When farm worker Pedro Nicolas, 33, looked at the cracks in his plywood roof or smelled the foul water running from his faucet, he worried about Erik and Cinthia, his young son and daughter.

“I get depressed sometimes because I can’t provide a safe home for my children,” he said.

Like so many low-wage workers in California’s Eastern Coachella Valley, Nicolas had few options besides the Oasis Mobile Home Park—an un-permitted sprawl of crumbling trailers in an unincorporated community on tribal land, in the desert. He felt like he’d fallen through a crack in the world. Life here had been hard for decades. And the climate crisis was making it harder. As temperatures rose, the power failed, and the arsenic levels in Oasis’s well water increased.

Less than 30 minutes away lay lush carpets of golf-course grass and shimmering blue pools, amenities to cool the more affluent residents of Palm Springs and the rest of the western Coachella Valley. Just a 10 minute drive from Nicolas’s mobile home was the Thermal Club, where millionaires lounged in multi-million-dollar villas and drove luxury race cars around a private racetrack.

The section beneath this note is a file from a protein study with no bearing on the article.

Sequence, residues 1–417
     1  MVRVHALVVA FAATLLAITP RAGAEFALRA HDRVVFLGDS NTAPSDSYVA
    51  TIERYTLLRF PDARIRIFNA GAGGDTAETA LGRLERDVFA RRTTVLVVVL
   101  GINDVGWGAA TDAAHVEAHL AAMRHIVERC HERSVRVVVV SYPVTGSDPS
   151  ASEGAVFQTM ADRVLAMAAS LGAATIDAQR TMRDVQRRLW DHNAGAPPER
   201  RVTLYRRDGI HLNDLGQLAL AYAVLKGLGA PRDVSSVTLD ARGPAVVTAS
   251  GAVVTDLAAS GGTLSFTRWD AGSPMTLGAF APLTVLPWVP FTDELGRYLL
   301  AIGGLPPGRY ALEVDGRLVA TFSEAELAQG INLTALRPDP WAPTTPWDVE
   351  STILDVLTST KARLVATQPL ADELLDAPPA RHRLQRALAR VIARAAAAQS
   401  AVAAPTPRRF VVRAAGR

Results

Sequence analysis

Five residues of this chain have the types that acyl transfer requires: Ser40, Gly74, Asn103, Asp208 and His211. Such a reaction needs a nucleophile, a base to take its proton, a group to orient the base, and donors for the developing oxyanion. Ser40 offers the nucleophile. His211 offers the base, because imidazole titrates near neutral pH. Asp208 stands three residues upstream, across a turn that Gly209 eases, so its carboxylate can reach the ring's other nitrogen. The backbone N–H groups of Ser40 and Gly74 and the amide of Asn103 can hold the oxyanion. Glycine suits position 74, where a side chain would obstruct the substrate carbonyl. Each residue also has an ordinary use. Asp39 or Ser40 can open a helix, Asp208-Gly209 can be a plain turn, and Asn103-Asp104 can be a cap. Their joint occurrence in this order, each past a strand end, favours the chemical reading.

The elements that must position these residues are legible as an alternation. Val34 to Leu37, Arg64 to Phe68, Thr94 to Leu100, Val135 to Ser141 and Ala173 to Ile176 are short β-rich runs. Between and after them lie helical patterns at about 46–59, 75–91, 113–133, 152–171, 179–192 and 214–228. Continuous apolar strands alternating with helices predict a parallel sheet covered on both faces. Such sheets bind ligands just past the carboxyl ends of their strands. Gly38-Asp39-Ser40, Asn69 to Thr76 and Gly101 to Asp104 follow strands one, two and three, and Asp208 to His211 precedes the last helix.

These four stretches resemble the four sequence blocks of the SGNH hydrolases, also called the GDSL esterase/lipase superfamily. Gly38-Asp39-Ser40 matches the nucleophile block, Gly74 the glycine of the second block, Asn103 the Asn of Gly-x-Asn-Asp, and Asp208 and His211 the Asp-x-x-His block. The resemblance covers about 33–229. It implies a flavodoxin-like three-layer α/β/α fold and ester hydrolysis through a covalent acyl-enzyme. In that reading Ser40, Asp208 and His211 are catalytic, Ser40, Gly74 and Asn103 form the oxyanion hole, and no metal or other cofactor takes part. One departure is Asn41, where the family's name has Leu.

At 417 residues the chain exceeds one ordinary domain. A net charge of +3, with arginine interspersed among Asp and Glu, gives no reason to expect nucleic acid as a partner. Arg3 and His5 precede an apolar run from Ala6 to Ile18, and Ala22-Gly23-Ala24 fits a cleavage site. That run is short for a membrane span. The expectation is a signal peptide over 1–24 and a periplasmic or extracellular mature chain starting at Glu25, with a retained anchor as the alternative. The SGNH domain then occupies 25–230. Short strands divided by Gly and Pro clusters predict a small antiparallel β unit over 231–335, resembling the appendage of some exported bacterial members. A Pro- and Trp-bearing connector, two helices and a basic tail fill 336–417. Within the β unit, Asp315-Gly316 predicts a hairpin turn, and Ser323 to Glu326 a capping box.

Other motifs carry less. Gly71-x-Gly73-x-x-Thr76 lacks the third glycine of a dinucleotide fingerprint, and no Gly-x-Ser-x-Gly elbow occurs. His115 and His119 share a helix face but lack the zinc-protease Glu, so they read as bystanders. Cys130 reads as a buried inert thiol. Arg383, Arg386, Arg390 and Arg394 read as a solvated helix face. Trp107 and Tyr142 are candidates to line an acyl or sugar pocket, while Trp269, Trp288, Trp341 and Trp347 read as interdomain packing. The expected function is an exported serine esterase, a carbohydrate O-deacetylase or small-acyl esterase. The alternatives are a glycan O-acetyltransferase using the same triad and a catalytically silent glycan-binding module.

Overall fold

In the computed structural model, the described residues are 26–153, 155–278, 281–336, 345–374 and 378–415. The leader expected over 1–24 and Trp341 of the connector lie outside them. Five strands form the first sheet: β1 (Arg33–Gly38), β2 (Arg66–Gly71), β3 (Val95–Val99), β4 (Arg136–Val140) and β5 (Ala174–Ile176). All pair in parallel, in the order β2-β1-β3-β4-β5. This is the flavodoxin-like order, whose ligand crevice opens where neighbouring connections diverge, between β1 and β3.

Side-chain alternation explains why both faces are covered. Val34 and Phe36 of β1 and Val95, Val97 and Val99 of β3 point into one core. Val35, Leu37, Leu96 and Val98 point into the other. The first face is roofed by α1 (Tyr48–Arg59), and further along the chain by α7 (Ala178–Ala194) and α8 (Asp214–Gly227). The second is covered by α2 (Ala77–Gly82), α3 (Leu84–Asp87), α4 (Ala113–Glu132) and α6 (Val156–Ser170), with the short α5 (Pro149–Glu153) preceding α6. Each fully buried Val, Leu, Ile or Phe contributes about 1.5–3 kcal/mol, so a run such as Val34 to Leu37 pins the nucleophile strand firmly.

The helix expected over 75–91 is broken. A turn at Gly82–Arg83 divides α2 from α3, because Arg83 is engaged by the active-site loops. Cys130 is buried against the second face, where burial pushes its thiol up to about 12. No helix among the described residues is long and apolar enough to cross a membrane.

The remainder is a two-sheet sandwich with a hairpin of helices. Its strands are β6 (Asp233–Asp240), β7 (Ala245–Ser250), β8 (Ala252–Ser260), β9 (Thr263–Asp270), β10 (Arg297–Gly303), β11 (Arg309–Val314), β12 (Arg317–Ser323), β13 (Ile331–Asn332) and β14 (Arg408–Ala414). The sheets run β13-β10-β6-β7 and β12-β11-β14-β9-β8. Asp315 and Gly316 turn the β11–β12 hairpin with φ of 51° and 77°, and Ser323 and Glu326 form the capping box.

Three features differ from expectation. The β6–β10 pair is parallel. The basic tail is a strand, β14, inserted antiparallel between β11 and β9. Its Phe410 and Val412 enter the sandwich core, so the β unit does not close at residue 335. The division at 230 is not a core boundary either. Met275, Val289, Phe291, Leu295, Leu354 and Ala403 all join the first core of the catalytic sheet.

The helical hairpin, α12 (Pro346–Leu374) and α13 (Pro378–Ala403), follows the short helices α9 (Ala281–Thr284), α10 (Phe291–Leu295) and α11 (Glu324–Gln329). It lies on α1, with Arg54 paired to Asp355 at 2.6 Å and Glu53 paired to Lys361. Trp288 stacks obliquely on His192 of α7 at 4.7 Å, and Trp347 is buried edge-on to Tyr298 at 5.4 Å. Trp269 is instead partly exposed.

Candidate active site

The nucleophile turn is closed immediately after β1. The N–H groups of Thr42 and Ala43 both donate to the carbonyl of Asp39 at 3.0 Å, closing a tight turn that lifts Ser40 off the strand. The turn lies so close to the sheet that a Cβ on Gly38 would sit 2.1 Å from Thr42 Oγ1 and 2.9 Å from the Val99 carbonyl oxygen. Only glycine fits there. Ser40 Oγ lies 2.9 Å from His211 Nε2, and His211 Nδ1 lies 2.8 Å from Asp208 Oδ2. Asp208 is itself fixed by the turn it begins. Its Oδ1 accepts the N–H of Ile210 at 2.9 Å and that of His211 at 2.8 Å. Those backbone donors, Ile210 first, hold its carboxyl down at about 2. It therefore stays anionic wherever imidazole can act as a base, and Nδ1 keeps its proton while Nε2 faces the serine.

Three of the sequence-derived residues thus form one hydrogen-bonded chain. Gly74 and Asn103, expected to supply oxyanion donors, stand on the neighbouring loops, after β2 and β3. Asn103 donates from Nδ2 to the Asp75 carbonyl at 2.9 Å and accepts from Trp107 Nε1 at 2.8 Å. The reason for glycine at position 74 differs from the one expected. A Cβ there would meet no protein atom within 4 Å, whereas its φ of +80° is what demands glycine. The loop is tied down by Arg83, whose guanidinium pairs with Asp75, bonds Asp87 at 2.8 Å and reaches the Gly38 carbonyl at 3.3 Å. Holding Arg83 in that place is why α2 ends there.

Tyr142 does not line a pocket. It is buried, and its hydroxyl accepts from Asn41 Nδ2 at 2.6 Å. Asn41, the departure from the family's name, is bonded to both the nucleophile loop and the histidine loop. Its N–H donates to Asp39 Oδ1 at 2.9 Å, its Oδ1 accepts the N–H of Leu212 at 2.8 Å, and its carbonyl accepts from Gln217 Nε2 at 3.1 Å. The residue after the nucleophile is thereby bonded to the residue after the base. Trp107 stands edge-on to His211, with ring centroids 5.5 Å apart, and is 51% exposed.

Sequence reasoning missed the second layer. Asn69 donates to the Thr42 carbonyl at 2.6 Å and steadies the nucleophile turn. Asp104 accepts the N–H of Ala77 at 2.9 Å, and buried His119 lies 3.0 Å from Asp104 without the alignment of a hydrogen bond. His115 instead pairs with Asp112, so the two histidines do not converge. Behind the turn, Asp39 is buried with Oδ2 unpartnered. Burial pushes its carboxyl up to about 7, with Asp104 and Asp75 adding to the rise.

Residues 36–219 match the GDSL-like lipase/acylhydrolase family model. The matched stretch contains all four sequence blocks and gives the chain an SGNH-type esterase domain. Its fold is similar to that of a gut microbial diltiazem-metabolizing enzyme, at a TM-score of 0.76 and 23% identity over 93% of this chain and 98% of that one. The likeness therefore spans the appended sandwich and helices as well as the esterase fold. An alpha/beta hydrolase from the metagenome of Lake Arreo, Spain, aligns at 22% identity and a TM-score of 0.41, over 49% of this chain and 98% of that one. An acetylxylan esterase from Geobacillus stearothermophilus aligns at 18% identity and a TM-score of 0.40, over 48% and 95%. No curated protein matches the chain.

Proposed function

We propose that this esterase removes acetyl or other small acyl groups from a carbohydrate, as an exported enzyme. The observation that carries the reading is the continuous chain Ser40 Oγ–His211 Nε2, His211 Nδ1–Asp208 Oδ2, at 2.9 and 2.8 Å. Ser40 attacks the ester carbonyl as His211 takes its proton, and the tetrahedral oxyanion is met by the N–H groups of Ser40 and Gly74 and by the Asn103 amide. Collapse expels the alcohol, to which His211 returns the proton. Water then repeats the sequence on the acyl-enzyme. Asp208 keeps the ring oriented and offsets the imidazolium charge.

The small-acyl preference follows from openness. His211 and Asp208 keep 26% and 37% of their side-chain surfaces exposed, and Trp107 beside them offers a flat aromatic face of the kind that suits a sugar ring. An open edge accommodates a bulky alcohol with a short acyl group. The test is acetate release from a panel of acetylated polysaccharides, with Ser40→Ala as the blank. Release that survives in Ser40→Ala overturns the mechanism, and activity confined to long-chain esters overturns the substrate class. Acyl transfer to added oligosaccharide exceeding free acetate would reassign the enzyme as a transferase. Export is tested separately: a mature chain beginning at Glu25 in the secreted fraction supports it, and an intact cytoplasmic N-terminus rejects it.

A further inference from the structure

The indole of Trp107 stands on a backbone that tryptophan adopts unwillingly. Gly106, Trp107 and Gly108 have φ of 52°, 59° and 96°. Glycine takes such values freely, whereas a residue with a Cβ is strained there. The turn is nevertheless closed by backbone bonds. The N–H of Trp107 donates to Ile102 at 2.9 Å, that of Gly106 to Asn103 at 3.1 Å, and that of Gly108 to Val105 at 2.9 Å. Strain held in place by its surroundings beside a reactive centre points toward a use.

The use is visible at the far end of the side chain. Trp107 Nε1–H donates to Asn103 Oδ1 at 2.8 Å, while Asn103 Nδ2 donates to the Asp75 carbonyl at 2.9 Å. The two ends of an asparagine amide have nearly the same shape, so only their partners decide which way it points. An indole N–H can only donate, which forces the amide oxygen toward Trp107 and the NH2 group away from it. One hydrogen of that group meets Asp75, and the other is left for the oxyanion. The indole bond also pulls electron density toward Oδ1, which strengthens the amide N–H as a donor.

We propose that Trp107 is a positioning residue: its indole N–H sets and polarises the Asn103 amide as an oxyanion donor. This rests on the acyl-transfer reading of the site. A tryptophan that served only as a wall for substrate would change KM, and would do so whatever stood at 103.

Between this world and Oasis is what’s known as the “climate gap,” a literal gap in temperature and infrastructure, but also a gap in suffering due to the climate crisis. The harms of this crisis are disproportionately and increasingly borne by people of color and those in poverty. As the crisis grows, these gaps are growing—and becoming more glaring—across the United States and the world. In this short documentary, Nicolas works to close that gap—and he succeeds, in part. But this is just the beginning of an ongoing struggle to protect his family and his children.

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